According to Gallup, 70% of all employees in an organization are disengaged, which translates to $605 billion lost each year in productivity. Waggl addresses this problem by going beyond measurement to create alignment across the organization.
Waggl goes beyond the traditional survey by offering an extremely easy way to listen to many voices at once within an organization, and to create richer connections between individuals, teams, departments, and locations. The company’s real-time listening platform creates a transparent, authentic two-way dialogue that gives people a voice, distills insights, and unites organizations through purpose.
Waggl was co-founded in 2014 by CEO Michael Papay. Michael is a technology entrepreneur who has co-founded and served as CEO at two HR Tech companies (Fort Hill Company and Waggl) focused on improving the performance and engagement of organizations and employees. He has over 15 years’ experience in building and leading Software as a Service (SaaS) businesses within the discipline of Human Capital Management. He was worked with several clients such as GE, Home Depot, Oracle, eBay, Yahoo!, Pfizer, Stanford University, Boeing, Genentech, Deloitte, Morgan Stanley, IRS, and the Department of Defense.
The idea for Waggl stemmed from the feedback of many of these organizations about the challenges they encountered regarding employee engagement. In 2014, he co-founded Waggl to provide a simple, cloud-based solution to help transform the way organizations listen, distill insights, and improve processes. Other co-founders are Chief Evangelist Tony Mitchell; Head of Marketing and Experience Kate Benediktsson; Head of Sales Adam Tanner; Jennifer Conway, Head of Customer Success; Alex Kinnebrew, Head of Strategy; and Head of Engineering Drew Batshaw. Waggl is headquartered in Sausalito, with remote employees located in Brazil and Philadelphia, Peru, and Ohio.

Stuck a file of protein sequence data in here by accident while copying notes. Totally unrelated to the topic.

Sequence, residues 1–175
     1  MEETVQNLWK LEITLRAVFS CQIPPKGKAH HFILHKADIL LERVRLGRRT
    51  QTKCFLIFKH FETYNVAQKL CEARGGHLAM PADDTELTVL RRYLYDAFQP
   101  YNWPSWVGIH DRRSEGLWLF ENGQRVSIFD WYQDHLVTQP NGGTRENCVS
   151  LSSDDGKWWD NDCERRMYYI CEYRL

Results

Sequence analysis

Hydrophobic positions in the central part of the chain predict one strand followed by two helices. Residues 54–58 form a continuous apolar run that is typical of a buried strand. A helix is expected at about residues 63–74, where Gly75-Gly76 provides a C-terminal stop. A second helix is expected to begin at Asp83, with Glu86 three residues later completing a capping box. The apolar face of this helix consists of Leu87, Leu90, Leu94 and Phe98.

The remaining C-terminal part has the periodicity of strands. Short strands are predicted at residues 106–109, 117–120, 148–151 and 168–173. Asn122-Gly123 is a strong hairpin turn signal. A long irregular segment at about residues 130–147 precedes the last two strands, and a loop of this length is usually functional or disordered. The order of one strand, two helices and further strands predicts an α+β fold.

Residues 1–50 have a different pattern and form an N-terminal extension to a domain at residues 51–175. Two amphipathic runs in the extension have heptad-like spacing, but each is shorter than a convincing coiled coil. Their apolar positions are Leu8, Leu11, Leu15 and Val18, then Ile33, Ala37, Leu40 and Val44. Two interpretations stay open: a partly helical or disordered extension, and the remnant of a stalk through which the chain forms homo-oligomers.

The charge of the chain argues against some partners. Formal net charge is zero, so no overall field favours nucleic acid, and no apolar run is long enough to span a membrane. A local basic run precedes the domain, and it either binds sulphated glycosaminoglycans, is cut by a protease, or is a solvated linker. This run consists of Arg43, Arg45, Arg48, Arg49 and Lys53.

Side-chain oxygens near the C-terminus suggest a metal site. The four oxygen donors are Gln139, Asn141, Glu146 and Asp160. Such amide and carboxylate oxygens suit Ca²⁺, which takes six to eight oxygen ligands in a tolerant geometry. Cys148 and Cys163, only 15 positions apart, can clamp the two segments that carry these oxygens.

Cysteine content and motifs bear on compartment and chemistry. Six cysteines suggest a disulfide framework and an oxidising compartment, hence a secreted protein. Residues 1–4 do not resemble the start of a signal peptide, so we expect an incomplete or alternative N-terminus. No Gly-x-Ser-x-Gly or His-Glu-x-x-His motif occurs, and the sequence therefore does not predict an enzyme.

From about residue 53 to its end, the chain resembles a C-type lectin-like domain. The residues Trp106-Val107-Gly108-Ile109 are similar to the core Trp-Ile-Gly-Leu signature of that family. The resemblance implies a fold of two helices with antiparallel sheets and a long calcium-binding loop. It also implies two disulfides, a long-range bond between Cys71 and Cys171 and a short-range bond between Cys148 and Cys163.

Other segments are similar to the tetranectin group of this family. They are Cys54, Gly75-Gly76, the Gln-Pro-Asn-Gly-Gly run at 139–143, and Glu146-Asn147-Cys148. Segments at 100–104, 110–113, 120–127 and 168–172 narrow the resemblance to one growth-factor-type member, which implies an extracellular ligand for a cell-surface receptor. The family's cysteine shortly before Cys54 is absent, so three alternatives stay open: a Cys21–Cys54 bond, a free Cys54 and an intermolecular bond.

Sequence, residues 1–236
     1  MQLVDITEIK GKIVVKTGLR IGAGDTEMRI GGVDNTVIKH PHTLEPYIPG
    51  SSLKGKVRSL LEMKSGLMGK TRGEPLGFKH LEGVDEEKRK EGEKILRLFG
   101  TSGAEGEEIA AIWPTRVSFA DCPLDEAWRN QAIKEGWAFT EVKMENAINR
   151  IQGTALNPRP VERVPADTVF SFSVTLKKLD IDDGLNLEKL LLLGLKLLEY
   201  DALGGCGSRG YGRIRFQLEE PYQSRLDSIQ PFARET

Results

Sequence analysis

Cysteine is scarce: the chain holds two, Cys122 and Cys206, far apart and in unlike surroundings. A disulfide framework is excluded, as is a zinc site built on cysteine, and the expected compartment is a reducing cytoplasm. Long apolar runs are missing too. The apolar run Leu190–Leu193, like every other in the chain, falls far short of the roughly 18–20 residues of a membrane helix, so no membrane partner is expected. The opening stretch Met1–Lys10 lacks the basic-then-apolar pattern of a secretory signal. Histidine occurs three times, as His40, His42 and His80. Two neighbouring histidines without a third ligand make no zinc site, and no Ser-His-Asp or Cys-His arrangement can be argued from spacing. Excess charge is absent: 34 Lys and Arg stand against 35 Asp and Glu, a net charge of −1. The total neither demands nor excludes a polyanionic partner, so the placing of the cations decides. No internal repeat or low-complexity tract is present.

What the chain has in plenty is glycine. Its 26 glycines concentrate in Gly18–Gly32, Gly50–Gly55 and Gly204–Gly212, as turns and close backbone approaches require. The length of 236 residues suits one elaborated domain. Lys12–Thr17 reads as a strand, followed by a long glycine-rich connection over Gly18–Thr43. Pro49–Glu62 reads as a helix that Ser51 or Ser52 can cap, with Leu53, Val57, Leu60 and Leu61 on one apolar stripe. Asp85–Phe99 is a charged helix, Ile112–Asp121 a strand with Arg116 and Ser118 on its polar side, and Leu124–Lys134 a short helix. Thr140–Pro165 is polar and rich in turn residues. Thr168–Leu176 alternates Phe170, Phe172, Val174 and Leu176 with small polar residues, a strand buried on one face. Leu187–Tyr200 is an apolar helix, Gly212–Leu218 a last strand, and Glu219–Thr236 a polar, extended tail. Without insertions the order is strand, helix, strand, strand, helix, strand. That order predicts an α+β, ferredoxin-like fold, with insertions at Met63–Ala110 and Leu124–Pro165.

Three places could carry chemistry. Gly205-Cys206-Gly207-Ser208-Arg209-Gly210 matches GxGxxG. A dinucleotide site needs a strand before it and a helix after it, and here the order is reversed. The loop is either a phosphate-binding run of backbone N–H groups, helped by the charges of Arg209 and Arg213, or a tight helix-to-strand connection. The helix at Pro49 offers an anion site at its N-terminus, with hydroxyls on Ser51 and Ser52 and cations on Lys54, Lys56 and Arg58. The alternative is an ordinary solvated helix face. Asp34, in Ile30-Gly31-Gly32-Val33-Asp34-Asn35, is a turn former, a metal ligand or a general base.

Waggl lives at the intersection of two key issues faced by organizations: The need for real-time interaction with employees and the increasing desire for analytics about employee engagement. Technology vendors like Jive, Slack, Chatter, and Yammer provide corporate enterprise communications tools but offer no meaningful data or actionable insights for the organization. On the other hand, bigger platforms with integrated survey capabilities such as Ultimate Software, ADP, WorkDay, and SalesForce don’t offer real-time, human interaction. In the midst of this landscape are firms like AON, Qualtrics, Willis Towers Watson, and Gallup and new startups like CultureAmp, TinyPulse, and Blackboard that are trying to develop capabilities at both ends of the spectrum.
Waggl already has these capabilities, and is deploying them with a simple and intuitive UI designed for leaders who want to be in tune with the pulse of their organizations. It competes most directly with other pulse survey and real-time feedback tools that also offer analytics – specifically, CultureAmp and Glint.
Waggl’s key differentiators are its ease of use and deployment, UI, and gamification as well as real-time visibility, precision, and actionable insights. Waggl believes that work should be more human, and that people deserve to be heard. Data is useful, but it isn’t an effective substitute for human interaction.
Waggl’s business development efforts have focused on selling into its co-founders’ existing network of prior clients from Fort Hill and HR tech ventures. Since the Waggl platform was built specifically to solve many of the issues those clients had expressed in prior work engagements, it has naturally opened the door to discussions, and usually results in subscriptions.